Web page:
AUCCCD Statement on Violence in Charlottesville, VA

The Association for University and College Counseling Center Directors (AUCCCD), a professional association for the higher education leaders for college student mental health representing over 800 institutions in the United States and internationally, seeks to advance the cause of collegiate mental health through innovation, education, and advocacy. As an organization committed to inclusive excellence and the promotion of social justice, AUCCCD strongly speaks out against racism, discrimination, oppression, and violence in its many forms. On Friday, August 11, 2017, and Saturday, August 12, 2017, several White supremacist hate groups gathered on the campus of the University of Virginia and elsewhere in Charlottesville, purportedly to protest the removal of a Confederate general’s statue. The weekend was marked with violent clashes between various hate groups and anti-racism groups, leading to property destruction and the needless death of a young woman who was there to protest against racism and bear witness. Several other people were injured, some seriously. Two law enforcement officers who were there to keep the peace also lost their lives when their helicopter crashed.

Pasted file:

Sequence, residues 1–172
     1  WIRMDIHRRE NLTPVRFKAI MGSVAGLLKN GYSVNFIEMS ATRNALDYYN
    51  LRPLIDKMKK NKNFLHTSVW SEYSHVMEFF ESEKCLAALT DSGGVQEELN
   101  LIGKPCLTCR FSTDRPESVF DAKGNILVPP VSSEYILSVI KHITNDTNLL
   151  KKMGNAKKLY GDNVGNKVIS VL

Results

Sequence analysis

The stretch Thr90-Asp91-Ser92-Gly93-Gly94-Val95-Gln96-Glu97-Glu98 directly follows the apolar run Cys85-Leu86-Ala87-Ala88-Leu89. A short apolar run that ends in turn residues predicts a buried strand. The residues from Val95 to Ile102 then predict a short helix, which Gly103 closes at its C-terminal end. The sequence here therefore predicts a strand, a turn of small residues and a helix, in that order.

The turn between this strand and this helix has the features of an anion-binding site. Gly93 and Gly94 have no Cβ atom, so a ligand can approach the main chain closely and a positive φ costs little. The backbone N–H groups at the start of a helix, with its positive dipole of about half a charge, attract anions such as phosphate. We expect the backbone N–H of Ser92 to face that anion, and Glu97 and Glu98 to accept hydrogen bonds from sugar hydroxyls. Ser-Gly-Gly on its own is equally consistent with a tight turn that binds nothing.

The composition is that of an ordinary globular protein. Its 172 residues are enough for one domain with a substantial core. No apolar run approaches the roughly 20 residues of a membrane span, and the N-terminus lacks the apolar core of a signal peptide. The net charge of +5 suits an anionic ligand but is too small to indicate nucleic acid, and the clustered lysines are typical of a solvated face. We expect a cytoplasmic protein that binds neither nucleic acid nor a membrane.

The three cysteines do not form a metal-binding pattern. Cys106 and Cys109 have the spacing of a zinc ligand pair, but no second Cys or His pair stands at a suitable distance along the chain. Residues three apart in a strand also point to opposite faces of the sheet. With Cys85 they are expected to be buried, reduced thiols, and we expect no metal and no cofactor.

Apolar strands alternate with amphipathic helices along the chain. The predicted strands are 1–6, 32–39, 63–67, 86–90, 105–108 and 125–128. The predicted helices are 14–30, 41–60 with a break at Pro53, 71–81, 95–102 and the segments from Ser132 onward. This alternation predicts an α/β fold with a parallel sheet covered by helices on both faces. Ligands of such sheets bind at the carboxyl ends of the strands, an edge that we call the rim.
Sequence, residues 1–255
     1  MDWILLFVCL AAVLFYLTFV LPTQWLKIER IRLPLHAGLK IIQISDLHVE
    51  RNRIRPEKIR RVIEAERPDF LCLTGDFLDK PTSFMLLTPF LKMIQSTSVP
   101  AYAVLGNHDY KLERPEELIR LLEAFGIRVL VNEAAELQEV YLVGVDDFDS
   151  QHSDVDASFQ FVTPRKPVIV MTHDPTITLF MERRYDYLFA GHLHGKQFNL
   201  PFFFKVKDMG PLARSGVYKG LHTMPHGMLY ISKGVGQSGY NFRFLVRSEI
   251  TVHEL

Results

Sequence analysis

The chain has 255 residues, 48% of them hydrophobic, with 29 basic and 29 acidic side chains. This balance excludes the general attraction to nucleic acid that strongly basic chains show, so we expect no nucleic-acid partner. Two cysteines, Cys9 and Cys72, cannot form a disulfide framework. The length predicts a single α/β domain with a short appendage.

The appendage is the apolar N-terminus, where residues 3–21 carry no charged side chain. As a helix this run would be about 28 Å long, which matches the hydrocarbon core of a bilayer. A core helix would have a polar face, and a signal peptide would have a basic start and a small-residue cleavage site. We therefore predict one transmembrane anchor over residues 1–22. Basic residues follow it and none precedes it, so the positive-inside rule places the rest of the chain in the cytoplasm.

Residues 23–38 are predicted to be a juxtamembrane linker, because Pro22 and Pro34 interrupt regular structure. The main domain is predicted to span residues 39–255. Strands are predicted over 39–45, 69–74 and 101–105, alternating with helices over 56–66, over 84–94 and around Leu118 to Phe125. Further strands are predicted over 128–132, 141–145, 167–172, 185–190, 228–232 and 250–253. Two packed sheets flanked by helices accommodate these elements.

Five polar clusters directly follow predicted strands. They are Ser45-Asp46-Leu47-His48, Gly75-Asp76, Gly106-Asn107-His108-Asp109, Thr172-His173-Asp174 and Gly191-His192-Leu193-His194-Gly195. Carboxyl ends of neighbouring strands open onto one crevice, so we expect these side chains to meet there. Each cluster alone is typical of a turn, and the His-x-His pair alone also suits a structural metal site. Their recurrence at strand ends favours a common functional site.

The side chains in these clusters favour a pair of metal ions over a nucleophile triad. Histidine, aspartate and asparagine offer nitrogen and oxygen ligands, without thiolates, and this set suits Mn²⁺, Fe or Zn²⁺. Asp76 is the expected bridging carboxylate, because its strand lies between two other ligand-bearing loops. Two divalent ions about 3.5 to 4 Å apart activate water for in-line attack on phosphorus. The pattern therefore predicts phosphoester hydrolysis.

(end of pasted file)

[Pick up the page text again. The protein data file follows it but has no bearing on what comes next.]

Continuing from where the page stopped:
As college mental health professionals, we have long known that hatred and bigotry and the perpetration of racial and bias-motivated violence are harmful to EVERYONE’S mental and physical health, including those who espouse it and those who are hurt by it. AUCCCD condemns language and behaviors that aim to harm and divide people. We also view college mental health professionals as having a responsibility to facilitate greater self-understanding, value individual and group differences, encourage and model respectful dialogue, and support the right of all people to live in communities that are safe and promote emotional well-being. As the University of Virginia and college campuses all over the country prepare for the start of a new academic year that is filled with much promise, there is much work to be done. The provision of counseling or therapy in the aftermath of harm is but one service that we provide to our campuses. We also must be educators, role models, and advocates who seek to create healthy learning and living environments that reflect the diversity of our campuses and our society and who seek to eliminate the harm that comes from hatred and violence.

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